As they walked down the corridor toward the refectory, de Molay could not help continuing his musings, wondering if the Order had become obsolete, if it could survive now that the Crusades were over. They were deprived of their purpose: to protect travelers to the Holy Lands, to fight the Saracens in the name of the Lord. Already, de Molay had noticed among the men a furtive restlessness, for they lacked an outlet for their passions and desires. They were fighting men, and without an enemy to fight, they would turn upon themselves.

The companion system had therefore been more rigorously enforced. Templars went abroad into the world in pairs, lest they find themselves embroiled in a conflict with nonbrothers. With two knights looking out for each other, one could calm the other down should his temper rise too close to boiling over. But the tension within the Order continued to rise, and without release it threatened to disrupt the Order entirely.

De Molay did not yet know what he might do to solve these problems, and in the meantime he clung to the traditions and habits that had been established by wiser men before him. If it had not been for this young knight, he reflected, he would have stayed absorbed in his contemplation all evening, without even noticing the missed meal. He tried to recall the youth’s name, but could not; silence was not one of their official vows, but it had become an almost unspoken one within the Order. Too often, too much discussion led the men toward brawls, or the subject of women, while quiet contemplation left them to dwell upon the spirit of the Lord within them and their mission to fight in His name.

De Molay stared down at his bowl of soup, with hardly the appetite for even a spoonful. He stirred its contents, still musing on the dilemmas of the Order. He wondered if things would change, if they would need to change for the Order to survive. And that terrified him. Vegetables swirled within the clear liquid and seemed to form the image of a face, a familiar face, the face of … was it his father? De Molay peered more closely. No, it was Hugues de Payens! Not his own father, but father and founder of the Order of the Temple of Jerusalem!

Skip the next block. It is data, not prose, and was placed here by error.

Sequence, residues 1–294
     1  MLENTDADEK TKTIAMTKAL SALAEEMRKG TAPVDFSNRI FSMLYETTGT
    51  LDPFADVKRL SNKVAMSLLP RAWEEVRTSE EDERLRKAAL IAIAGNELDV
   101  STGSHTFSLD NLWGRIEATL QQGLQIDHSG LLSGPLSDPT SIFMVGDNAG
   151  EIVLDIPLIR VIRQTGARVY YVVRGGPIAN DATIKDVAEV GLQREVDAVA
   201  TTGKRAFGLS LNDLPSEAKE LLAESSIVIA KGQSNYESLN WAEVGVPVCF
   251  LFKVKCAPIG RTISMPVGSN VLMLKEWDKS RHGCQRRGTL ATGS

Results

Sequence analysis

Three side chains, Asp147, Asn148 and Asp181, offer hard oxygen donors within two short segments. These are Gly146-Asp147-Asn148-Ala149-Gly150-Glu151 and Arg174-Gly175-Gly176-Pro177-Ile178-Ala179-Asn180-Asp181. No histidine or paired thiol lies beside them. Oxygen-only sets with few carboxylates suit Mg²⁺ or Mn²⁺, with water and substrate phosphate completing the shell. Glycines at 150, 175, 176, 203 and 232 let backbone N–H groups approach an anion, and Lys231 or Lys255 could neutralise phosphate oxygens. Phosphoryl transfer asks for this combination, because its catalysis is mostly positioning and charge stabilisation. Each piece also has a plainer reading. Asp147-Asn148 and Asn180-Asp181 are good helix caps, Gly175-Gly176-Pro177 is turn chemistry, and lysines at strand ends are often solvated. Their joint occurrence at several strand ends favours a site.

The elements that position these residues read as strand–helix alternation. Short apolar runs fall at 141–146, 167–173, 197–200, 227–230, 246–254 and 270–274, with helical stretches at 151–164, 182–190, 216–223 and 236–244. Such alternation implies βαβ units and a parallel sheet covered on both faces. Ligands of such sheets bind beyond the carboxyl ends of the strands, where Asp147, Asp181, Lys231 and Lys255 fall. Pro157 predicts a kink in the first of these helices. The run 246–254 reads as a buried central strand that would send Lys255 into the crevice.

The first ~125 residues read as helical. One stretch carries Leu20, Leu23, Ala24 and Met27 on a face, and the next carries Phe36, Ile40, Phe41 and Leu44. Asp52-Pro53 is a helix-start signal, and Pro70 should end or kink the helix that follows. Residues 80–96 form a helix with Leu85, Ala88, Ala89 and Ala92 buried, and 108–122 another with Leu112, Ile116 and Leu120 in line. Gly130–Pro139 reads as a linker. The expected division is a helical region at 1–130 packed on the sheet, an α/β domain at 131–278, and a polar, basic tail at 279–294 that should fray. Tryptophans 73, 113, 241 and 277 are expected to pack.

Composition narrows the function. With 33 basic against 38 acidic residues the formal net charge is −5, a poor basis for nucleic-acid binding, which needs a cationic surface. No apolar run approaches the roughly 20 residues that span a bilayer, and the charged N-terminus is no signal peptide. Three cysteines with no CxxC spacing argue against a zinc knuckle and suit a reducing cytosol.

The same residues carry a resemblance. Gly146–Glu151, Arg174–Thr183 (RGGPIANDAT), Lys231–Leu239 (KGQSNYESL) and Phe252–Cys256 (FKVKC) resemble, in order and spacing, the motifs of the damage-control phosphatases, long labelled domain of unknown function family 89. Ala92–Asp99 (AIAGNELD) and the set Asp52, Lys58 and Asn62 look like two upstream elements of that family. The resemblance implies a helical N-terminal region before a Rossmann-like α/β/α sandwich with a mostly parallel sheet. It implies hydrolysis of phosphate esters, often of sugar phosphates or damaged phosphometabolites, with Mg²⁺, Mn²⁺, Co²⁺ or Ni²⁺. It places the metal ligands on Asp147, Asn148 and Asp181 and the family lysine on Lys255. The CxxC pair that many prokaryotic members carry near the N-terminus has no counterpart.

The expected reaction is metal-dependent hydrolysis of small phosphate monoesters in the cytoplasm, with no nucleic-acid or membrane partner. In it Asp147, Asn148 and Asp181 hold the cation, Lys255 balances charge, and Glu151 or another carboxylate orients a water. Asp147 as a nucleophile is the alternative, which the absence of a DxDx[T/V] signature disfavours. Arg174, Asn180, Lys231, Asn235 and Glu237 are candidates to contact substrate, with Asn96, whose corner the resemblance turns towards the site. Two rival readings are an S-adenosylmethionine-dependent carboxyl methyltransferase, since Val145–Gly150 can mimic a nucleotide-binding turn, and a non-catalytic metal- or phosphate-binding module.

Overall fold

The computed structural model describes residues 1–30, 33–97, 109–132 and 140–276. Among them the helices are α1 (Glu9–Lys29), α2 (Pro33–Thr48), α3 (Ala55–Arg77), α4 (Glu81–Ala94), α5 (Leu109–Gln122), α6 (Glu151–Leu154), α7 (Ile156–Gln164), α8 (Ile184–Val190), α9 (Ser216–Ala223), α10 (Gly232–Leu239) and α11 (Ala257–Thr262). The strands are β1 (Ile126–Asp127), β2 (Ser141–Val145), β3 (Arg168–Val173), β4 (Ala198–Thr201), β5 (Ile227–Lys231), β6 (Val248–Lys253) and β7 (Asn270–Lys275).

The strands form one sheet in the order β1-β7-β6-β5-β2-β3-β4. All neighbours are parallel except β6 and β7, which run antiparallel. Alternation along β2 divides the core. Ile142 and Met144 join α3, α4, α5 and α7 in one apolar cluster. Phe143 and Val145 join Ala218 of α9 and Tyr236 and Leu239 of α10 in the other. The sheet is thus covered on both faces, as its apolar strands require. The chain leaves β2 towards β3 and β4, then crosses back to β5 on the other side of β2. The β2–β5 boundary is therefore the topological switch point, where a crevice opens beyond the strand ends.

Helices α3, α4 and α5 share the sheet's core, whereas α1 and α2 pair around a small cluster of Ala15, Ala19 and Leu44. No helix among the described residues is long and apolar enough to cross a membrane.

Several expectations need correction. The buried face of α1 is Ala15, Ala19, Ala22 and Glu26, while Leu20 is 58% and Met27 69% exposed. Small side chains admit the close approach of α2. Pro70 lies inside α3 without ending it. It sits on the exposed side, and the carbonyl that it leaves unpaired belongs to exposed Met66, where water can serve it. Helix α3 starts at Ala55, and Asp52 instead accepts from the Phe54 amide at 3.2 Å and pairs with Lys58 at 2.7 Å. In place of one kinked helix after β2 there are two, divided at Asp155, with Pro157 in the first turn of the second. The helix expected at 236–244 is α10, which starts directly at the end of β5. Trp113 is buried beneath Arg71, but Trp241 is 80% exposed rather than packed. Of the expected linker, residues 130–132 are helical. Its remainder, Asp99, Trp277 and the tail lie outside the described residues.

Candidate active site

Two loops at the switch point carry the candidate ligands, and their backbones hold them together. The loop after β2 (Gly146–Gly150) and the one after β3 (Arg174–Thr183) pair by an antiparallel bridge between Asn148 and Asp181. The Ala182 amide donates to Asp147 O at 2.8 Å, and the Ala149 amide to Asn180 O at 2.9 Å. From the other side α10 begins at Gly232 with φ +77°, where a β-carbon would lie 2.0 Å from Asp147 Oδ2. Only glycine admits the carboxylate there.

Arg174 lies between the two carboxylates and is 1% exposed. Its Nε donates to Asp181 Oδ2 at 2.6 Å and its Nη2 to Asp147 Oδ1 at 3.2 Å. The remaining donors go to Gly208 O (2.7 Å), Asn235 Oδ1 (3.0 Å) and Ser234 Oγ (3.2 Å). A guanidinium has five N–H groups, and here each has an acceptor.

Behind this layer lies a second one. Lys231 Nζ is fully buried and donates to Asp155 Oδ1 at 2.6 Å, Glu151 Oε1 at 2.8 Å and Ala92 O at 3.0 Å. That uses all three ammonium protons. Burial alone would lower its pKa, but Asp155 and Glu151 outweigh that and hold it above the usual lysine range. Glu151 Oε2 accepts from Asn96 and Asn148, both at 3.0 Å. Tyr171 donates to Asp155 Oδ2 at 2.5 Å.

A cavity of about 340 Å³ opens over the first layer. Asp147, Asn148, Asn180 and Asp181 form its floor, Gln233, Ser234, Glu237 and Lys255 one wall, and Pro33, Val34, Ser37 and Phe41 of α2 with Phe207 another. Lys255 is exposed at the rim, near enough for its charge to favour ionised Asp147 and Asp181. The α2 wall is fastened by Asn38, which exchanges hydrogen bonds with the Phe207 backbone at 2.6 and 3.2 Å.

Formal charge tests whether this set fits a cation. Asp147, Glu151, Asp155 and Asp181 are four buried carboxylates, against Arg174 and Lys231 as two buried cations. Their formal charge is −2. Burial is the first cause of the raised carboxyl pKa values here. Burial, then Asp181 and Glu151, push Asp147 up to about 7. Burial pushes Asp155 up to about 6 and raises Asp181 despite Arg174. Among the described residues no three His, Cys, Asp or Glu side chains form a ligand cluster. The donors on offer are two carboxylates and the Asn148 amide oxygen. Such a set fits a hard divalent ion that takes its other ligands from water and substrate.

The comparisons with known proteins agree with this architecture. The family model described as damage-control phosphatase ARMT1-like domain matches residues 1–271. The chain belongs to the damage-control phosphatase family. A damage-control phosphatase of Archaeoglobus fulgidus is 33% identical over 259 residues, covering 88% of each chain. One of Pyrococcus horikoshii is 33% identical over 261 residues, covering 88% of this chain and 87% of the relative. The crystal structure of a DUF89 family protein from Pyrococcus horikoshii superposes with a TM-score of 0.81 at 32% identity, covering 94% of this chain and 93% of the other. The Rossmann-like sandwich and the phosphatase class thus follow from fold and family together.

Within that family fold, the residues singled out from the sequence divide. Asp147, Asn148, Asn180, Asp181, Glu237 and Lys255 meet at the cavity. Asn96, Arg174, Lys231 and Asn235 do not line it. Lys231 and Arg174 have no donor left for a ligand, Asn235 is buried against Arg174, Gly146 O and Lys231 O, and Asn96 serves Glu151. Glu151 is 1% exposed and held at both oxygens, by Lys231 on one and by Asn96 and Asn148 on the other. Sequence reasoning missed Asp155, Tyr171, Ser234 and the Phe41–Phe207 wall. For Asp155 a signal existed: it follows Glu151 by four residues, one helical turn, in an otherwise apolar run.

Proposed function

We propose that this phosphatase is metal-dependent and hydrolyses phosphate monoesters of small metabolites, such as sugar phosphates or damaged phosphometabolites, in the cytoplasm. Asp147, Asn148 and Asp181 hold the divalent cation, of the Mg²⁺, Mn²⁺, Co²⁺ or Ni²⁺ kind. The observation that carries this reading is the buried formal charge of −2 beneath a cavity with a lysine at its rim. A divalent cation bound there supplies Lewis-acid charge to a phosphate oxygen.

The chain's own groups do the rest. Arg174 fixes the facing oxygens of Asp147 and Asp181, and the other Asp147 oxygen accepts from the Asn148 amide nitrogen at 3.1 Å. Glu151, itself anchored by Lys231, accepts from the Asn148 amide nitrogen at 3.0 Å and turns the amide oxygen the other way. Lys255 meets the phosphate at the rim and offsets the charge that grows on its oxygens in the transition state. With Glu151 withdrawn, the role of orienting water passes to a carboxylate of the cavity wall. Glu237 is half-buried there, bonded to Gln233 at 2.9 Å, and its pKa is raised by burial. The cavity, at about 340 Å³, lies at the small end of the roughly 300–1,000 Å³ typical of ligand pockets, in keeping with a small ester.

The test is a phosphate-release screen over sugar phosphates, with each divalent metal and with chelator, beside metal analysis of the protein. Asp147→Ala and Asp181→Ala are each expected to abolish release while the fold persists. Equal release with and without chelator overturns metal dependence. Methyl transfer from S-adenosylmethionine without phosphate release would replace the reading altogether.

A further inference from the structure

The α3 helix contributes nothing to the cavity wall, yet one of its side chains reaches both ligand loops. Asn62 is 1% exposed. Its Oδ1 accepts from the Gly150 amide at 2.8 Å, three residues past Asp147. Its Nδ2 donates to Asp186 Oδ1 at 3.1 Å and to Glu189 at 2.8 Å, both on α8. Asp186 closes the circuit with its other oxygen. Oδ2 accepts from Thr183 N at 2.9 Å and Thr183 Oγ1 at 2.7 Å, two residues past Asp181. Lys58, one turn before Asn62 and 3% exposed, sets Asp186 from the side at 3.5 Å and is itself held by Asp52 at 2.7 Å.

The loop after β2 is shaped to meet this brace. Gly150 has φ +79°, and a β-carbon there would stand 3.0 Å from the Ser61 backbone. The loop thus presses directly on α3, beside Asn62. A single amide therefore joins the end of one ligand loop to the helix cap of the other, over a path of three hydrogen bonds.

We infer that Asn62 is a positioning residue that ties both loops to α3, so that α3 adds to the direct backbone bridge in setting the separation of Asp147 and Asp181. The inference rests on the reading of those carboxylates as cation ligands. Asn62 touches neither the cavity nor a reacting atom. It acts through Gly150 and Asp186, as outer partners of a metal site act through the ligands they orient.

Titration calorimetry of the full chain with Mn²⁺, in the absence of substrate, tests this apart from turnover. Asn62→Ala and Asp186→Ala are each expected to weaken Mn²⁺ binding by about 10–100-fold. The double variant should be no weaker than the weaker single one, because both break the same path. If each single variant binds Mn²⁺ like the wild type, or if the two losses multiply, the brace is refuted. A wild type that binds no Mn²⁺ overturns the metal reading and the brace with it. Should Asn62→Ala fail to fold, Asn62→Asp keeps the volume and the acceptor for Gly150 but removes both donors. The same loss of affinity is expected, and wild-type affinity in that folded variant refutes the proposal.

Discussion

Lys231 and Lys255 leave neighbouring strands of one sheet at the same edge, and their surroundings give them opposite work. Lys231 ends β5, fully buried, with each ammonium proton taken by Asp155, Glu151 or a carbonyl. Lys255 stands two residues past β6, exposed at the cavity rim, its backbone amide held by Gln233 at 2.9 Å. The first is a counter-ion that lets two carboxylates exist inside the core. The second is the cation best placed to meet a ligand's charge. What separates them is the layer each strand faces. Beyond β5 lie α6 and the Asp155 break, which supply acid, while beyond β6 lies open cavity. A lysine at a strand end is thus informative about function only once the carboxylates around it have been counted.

De Molay wondered if he should share his discovery with his companion, or even the hall at large. But he wondered, too, if perhaps the vision was strictly personal, if the first Grand Master was trying to speak to his current successor of grave and important matters concerning the Order.

De Payens did not speak with words, but when de Molay bent his attention to his predecessor’s image, intent on fathoming his message, the image in the soup’s surface changed. De Molay watched as the familiar stones of the building around him came into view within his bowl, and a feeling of dread began to form in the empty pit of his stomach, gnawing at his soul. As the first pink rays of dawn came arching over the horizon, so, too, came the officers of King Philip IV, hordes upon hordes of armed men, who lay hold of the complex and its inhabitants, throwing them all into chains. The scene again shifted, to King Philip’s dungeons, where Templar Knights were being tortured for confessions de Molay imagined were so vile, he was glad that Hugues de Payens’s dire forebodings were silent.

When the waters of his bowl cleared of visions, de Molay considered what actions he must now take. He did not know how soon this attack would come, so he must attack swiftly. He would send the fleet immediately away from La Rochelle, of course. It was too powerful a weapon to let fall into King Philip’s hands, and as long as it stayed free, there remained hope for the Templars and the fight against the enemies of God. And, of course, he would have to send the Templars’ various treasures with the fleet, since they would need the money to rebuild their ranks when it was again time for them to reestablish themselves. Besides, King Philip’s attack was no doubt based largely on the rumors that the Templar treasury was vaster than his own, rumors that were not ungrounded in truth.

But what of the men? Certainly, de Molay would not himself be leaving. The Grand Master’s place was at the post of highest danger, leading his men to victory from the forefront of the battle.

Would there be a victory for them this time? de Molay wondered. He had seen disaster in de Payens’s warning vision, and he did not for a second doubt its validity. His men would be taken by the thousands during King Philip’s raid, and many of them would die.

But was there another choice for them? Could he disband the Order, and send them back to their homes, where they would be worse than the Saracens as they crossed over the land like a swarm of locusts, unburdened by any code of restrictions?

BOOK: Tales of the Knights Templar